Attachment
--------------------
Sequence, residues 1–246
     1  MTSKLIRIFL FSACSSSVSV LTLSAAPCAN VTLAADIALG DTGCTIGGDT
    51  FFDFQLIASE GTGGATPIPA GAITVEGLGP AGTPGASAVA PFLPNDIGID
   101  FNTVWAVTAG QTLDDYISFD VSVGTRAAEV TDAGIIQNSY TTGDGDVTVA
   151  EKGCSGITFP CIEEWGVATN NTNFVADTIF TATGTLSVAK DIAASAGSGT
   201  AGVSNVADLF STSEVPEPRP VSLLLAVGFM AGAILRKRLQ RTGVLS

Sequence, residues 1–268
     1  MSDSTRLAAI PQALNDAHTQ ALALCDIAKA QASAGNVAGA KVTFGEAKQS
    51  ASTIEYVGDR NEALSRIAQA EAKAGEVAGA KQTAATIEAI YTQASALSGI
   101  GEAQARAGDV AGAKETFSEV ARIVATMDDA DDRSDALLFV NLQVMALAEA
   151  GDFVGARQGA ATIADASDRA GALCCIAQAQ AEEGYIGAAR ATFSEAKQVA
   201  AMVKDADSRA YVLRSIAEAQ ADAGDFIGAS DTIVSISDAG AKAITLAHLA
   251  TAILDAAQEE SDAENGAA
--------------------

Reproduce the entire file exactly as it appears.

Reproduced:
Sequence, residues 1–246
     1  MTSKLIRIFL FSACSSSVSV LTLSAAPCAN VTLAADIALG DTGCTIGGDT
    51  FFDFQLIASE GTGGATPIPA GAITVEGLGP AGTPGASAVA PFLPNDIGID
   101  FNTVWAVTAG QTLDDYISFD VSVGTRAAEV TDAGIIQNSY TTGDGDVTVA
   151  EKGCSGITFP CIEEWGVATN NTNFVADTIF TATGTLSVAK DIAASAGSGT
   201  AGVSNVADLF STSEVPEPRP VSLLLAVGFM AGAILRKRLQ RTGVLS

Sequence, residues 1–268
     1  MSDSTRLAAI PQALNDAHTQ ALALCDIAKA QASAGNVAGA KVTFGEAKQS
    51  ASTIEYVGDR NEALSRIAQA EAKAGEVAGA KQTAATIEAI YTQASALSGI
   101  GEAQARAGDV AGAKETFSEV ARIVATMDDA DDRSDALLFV NLQVMALAEA
   151  GDFVGARQGA ATIADASDRA GALCCIAQAQ AEEGYIGAAR ATFSEAKQVA
   201  AMVKDADSRA YVLRSIAEAQ ADAGDFIGAS DTIVSISDAG AKAITLAHLA
   251  TAILDAAQEE SDAENGAA